Opening ceremony – opening minds

1 Jul 2011                      

Deputy Prime Minister and Minister for Finance and Manpower Mr Tharman Shanmugaratnam launches the Singapore International Water Week 2011, courtesy of Singapore International Water Week.

I didn’t truly appreciate the reach and diversity of the Singapore International Water Week (SIWW) until I attended its opening ceremony.

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I was going to get some water, ninja style, when I was pleasantly surprised by what I saw and heard.
As I weaved surreptitiously through the crowd, I heard so many languages – even overheard a conversation in an African dialect – and saw representatives from numerous multi-national companies and of myriad industries, among them engineers, diplomats, scientists, marketers and academics.

It’s amazing to see such diversity and inclusivity in what’s normally (and incorrectly, as I now believe) perceived by the public as a technical event that’s dry, dull and uninteresting.

At the start of the ceremony, the audience was led into applause for the 550 youth volunteers supporting the event. Dr Vivian Balakrishnan, the Minister for the Environment and Water Resources then took the stage and shared that last year’s event was “attended by more than 14,000 delegates from about 110 countries and regions, with S$2.8 billion of deals concluded”. He also shared that the number of urbanites expected to face constant water shortages is expected to balloon to 1 billion by 2050, compared with 150 million today, thus setting the tone for the critical need to attract talent capable of surmounting the challenges faced by the water industry.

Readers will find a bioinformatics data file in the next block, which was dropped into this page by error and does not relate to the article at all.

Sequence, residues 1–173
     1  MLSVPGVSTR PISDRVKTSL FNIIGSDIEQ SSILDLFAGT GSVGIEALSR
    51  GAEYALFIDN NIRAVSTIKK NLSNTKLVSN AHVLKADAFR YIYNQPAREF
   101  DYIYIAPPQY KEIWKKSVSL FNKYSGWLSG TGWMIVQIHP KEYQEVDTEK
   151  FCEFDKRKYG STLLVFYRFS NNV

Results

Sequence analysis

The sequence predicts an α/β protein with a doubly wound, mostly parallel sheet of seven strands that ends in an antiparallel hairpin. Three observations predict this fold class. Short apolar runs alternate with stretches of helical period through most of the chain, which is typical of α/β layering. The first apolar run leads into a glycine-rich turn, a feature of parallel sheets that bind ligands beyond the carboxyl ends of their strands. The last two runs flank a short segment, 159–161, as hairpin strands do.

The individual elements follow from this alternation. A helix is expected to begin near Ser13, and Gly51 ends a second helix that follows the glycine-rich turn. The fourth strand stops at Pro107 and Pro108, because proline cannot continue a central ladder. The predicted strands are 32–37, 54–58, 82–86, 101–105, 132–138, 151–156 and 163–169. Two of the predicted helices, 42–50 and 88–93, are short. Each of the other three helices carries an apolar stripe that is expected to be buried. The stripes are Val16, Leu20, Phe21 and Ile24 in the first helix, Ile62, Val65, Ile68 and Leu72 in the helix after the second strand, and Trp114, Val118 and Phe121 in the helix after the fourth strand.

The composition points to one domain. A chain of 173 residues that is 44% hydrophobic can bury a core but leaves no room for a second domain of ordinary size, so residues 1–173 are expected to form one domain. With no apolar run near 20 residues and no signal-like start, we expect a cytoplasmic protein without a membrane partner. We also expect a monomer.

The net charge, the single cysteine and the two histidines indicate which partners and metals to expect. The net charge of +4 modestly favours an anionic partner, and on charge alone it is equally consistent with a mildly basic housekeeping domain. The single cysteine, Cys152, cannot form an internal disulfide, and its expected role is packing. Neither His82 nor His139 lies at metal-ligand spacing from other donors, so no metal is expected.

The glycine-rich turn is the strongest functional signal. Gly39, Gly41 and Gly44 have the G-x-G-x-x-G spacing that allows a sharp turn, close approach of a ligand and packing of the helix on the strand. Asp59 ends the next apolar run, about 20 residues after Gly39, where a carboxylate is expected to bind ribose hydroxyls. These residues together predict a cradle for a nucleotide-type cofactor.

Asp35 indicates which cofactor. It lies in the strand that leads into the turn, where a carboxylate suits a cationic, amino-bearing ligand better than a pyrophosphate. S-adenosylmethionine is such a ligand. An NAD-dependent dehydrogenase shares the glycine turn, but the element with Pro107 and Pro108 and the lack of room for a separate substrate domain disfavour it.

To support this need for talent and research, the guest of honour, the Deputy Prime Minister and Minister for Finance and Manpower Mr Tharman Shanmugaratnam, revealed that the National Research Foundation would promote research and development in the water industry by raising the budget to $470 million with the aim of growing the “value-added contribution from this sector from $0.5 billion in 2003 to $1.7 billion by 2015, and doubling jobs in the sector to 11,000”.

The take-home message from the evening was: Investments made and opportunities created so strike while the iron’s hot.

The ceremony concluded with the Nanyang Girls’ High School choir’s angelic rendition of Nightingale. I left the ceremony feeling inspired that while there is so much to do to get to address global water issues, much is already being done, a prime example being the Singapore International Water Week and its vision of bringing together the brightest minds of the water industry from all over the world.

By Sujith Kumar

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